Sens. Charles E. Grassley (R-Iowa) and Elizabeth Warren (D-Mass.) said recently that they would soon introduce legislation endorsing the sale of hearing aids without such restrictions.
The goal is to increase competition, lower costs and expand access to devices for people with mild to moderate hearing loss, Grassley said in a statement.
Six companies control nearly 98 percent of the hearing aid market in the United States. Nearly two-thirds of people with severe hearing loss report being unable to afford the devices, whose cost is generally bundled with professional fees for evaluation, fitting and follow-up care.
Organizations representing hearing professionals are deeply divided.
The American Speech-Language-Hearing Association, an organization representing audiologists and speech-language pathologists, said it doesn’t believe consumers can adequately self-diagnose hearing problems and opposes over-the-counter devices.
Ian Windmill, president of the American Academy of Audiology, said his group is taking a “wait-and-see stance” until the FDA acts. But he added that his group, which represents more than 12,000 audiologists, believes that professionals should evaluate hearing loss.
Another group, the Academy of Doctors of Audiology, said it believes the benefits of expanding access to hearing devices outweigh the risks; it supports over-the-counter products.
The senators plan to introduce their legislation, which asks the FDA to issue regulations ensuring the safety and effectiveness of these devices, in this new congressional session.
“Administrations shift and legal challenges occur,” Grassley said in a statement, adding that getting the law on the books would ensure needed “certainty going forward.”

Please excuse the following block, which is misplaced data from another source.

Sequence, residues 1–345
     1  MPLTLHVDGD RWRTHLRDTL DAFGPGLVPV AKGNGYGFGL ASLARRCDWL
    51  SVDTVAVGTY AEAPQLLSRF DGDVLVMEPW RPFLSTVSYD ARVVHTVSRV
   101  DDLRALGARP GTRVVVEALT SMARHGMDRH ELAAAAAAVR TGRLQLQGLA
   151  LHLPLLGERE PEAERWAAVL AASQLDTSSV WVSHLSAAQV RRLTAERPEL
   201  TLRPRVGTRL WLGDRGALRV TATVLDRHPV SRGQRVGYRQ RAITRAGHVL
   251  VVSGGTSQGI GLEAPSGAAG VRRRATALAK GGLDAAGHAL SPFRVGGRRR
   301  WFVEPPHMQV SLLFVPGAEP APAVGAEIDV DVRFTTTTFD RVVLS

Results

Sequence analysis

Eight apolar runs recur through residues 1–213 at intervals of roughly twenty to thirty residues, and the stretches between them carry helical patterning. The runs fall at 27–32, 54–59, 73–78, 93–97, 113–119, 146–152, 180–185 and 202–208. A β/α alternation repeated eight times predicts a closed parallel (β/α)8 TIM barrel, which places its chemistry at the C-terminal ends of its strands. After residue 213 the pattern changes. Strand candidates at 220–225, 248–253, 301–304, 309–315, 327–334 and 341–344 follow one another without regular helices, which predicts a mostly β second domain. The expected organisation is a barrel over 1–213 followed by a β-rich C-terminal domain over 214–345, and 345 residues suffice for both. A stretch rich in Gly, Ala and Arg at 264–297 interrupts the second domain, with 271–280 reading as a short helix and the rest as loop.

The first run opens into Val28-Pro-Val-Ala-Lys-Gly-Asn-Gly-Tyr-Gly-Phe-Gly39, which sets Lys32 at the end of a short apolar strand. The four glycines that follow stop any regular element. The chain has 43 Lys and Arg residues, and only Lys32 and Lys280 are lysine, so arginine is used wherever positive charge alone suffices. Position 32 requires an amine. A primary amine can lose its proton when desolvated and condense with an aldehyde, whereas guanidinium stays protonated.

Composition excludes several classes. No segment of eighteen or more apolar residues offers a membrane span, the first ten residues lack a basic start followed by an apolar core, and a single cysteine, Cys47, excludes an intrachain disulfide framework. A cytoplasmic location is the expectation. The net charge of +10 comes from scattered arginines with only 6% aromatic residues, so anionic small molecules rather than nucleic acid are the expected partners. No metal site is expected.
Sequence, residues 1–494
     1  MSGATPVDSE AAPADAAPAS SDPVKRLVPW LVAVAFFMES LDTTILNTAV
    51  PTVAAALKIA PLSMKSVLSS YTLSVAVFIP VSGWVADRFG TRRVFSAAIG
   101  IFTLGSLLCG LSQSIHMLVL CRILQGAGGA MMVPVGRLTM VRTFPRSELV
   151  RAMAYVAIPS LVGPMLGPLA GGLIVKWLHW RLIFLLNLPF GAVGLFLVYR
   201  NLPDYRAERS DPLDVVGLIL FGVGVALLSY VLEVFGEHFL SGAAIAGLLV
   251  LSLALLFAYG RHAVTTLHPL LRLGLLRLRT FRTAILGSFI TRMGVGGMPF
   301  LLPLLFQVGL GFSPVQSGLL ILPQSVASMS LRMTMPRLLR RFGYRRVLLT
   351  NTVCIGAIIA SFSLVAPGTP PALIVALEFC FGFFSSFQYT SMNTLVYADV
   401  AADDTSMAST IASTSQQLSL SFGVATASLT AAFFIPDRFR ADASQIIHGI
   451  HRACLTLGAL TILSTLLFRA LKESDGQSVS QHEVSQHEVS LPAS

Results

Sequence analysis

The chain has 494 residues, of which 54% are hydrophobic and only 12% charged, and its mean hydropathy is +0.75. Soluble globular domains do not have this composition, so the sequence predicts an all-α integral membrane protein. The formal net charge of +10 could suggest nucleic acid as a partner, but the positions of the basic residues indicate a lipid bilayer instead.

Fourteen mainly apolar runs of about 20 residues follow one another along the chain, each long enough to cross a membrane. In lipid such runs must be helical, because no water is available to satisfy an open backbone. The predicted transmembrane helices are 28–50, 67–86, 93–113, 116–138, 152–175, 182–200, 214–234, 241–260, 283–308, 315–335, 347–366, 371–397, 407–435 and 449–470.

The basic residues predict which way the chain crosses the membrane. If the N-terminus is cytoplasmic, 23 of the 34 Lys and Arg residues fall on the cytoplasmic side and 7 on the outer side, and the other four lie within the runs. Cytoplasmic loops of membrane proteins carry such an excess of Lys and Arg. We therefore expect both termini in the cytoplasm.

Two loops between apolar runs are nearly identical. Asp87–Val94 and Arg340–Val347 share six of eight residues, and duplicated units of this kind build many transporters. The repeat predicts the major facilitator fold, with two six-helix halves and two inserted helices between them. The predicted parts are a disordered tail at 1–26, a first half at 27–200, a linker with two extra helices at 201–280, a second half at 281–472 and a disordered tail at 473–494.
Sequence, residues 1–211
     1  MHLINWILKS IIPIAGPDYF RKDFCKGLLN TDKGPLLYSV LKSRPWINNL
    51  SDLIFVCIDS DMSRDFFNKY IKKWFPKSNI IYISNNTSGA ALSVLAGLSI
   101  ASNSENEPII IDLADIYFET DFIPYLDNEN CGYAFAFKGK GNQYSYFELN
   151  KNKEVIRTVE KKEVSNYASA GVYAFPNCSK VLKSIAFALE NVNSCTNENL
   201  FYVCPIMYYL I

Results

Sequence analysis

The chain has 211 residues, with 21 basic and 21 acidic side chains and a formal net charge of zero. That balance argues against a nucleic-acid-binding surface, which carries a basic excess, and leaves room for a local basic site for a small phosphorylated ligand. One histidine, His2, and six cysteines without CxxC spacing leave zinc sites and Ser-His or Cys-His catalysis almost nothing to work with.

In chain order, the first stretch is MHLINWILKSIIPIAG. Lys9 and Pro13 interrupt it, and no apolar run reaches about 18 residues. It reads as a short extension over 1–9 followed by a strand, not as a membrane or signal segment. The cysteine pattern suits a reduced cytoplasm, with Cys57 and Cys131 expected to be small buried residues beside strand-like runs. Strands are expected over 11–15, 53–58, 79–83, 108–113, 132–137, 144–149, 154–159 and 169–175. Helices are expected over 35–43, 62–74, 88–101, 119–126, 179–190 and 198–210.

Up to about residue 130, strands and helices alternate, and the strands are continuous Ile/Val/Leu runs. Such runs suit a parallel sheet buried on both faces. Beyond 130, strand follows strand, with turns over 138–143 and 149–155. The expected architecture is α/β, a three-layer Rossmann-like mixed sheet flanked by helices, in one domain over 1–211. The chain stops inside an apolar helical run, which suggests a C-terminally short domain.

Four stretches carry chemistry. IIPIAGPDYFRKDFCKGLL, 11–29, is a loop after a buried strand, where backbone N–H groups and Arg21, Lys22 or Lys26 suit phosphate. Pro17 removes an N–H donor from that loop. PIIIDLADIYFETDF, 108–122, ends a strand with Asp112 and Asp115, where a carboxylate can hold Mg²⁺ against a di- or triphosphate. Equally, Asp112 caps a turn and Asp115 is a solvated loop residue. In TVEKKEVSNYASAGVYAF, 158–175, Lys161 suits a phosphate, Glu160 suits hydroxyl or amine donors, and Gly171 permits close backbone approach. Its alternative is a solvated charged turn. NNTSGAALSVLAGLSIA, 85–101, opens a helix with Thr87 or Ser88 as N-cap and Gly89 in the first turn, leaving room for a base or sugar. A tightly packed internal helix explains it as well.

One area of considerable confusion is the difference between hearing aids and personal sound amplification products, or PSAPs.
This is a wide category of products, ranging from cheap items that help amplify sound to sophisticated devices that resemble hearing aids in all but name. In some cases, companies are marketing the same device as a hearing aid and a PSAP, but at different prices.
In 2009, the FDA drew a distinction between PSAPs and hearing aids based on what the agency called their “intended use.” PSAPs were considered unregulated consumer electronics products for people with normal hearing who wanted to hear more sharply — for instance, during birdwatching. Hearing aids were regulated and considered medical devices meant for people with hearing impairment.
But technological advances have brought the two categories closer. And it’s well understood that people with hearing loss are using PSAPs as a cheaper alternative to hearing aids.
Stephanie Czuhajewski, executive director of the Academy of Doctors of Audiology, said she believes higher-end PSAPs will become over-the-counter hearing aids.
In the meantime, the Consumer Technology Association has prepared standards for PSAPs meant to make it easier for people to understand what they’re buying. The standards, which address issues such as maximum output, peak output and sound distortion may be published as early as next month.
“The intent is to provide a ‘Good Housekeeping Seal of Approval’ for PSAPs,” said Mead Killion, an audiologist who founded Etymotic Research, an Illinois company that manufactures hearing devices. Currently, there is no easy, standardized way to compare these devices.
This column is produced by Kaiser Health News, an editorially independent news service and a program of the Kaiser Family Foundation.